The Healing Power of Tears
For over twenty years as physician, I’ve witnessed, time and again, the healing power of tears. Tears are your body’s release valve for stress, sadness, grief, anxiety, and frustration. Also, you can have tears of joy, say when a child is born or tears of relief when a difficulty has passed. In my own life, I am grateful when I can cry. It feels cleansing, a way to purge pent up emotions so they don’t lodge in my body as stress symptoms such as fatigue or pain. To stay healthy and release stress, I encourage my patients to cry. For both men and women, tears are a sign of courage, strength, and authenticity.
In my books “The Empath’s Survival Guide” and “Emotional Freedom,” I discuss the numerous health benefits of tears. Like the ocean, tears are salt water. Protectively they lubricate your eyes, remove irritants, reduce stress hormones, and they contain antibodies that fight pathogenic microbes. Our bodies produce three kinds of tears: reflex, continuous, and emotional. Each kind has different healing roles. For instance, reflex tears allow your eyes to clear out noxious particles when they’re irritated by smoke or exhaust. The second kind, continuous tears, are produced regularly to keep our eyes lubricated–these contain a chemical called “lysozyme” which functions as an anti-bacterial and protects our eyes from infection. Tears also travel to the nose through the tear duct to keep the nose moist and bacteria free. Typically, after crying, our breathing, and heart rate decrease, and we enter into a calmer biological and emotional state.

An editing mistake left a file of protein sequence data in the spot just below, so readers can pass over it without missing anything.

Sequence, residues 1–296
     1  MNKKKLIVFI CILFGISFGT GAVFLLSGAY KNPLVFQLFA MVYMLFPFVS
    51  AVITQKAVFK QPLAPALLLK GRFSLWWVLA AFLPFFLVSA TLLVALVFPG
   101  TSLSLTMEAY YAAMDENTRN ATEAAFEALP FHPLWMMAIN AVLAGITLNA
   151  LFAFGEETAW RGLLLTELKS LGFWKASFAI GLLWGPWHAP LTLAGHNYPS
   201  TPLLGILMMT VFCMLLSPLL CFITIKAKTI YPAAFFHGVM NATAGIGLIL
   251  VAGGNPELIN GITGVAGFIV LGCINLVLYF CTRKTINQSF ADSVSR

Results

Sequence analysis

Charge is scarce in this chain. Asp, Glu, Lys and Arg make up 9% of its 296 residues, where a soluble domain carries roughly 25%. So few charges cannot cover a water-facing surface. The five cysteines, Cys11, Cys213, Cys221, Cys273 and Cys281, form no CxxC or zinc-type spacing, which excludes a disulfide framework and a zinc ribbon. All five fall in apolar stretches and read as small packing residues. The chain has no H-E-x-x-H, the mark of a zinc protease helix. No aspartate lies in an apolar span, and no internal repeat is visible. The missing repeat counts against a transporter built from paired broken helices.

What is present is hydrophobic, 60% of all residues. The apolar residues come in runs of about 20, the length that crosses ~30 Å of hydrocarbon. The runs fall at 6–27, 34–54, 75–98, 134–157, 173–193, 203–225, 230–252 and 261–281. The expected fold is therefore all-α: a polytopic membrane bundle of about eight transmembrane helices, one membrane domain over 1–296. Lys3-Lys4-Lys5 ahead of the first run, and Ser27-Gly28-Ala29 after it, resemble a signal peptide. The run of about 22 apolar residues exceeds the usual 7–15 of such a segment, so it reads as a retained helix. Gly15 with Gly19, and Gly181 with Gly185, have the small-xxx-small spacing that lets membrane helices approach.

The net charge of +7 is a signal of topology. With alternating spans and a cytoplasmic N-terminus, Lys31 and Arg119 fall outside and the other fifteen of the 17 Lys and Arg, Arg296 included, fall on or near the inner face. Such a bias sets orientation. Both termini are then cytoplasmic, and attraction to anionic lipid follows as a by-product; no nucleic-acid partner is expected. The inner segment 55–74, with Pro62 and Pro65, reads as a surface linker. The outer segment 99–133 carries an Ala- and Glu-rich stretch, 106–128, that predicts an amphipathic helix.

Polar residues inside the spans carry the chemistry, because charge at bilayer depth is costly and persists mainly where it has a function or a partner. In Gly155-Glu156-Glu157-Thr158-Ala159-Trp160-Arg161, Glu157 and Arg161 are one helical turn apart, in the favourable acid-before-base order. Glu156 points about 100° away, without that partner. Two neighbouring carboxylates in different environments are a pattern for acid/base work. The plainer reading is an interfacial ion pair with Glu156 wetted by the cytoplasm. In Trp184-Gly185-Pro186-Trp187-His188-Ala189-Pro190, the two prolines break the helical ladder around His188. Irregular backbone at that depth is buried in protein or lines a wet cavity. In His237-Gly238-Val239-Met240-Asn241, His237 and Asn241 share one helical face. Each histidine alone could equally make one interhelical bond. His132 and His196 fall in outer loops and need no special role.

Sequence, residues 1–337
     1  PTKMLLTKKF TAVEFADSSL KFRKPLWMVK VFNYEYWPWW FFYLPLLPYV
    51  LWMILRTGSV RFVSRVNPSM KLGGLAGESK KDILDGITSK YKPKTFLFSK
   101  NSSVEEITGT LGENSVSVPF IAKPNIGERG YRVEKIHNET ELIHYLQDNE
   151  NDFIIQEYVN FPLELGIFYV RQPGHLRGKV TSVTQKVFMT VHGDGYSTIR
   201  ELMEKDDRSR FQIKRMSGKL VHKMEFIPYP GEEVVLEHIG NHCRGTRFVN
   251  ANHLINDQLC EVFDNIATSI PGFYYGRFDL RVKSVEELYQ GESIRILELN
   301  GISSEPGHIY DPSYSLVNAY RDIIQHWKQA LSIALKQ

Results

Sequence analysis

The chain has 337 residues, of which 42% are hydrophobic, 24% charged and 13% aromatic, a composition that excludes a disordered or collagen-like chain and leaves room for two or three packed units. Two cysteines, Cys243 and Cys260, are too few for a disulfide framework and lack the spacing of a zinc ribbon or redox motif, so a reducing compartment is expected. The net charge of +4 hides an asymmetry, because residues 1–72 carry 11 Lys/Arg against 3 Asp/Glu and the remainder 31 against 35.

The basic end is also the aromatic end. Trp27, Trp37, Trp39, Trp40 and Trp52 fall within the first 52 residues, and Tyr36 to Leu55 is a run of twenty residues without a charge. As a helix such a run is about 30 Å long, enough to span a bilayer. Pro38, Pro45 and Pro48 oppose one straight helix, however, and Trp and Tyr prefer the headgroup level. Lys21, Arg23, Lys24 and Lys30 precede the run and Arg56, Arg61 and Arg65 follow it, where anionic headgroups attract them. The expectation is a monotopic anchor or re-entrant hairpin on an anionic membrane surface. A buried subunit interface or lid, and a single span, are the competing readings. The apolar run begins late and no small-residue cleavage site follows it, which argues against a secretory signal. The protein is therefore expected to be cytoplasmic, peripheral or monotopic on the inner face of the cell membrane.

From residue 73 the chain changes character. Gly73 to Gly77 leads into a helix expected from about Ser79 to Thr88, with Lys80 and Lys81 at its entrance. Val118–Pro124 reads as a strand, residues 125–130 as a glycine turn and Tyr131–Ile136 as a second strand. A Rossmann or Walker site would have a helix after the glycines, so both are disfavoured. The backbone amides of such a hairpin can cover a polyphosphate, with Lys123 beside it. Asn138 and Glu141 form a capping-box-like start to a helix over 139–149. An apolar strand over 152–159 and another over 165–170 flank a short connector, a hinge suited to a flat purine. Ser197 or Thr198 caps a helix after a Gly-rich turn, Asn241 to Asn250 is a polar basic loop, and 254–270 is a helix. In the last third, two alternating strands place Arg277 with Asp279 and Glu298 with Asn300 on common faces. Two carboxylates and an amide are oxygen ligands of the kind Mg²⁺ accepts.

Try to let go of outmoded, untrue, conceptions about crying. It is good to cry. It is healthy to cry. This helps to emotionally clear sadness and stress. Crying is also essential to resolve grief, when waves of tears periodically come over us after we experience a loss. Tears help us process the loss so we can keep living with open hearts. Otherwise, we are a set up for depression if we suppress these potent feelings. When a friend apologized for curling up in the fetal position on my floor, weeping, depressed over a failing romance, I told her, “Your tears blessed my floor. There is nothing to apologize for.”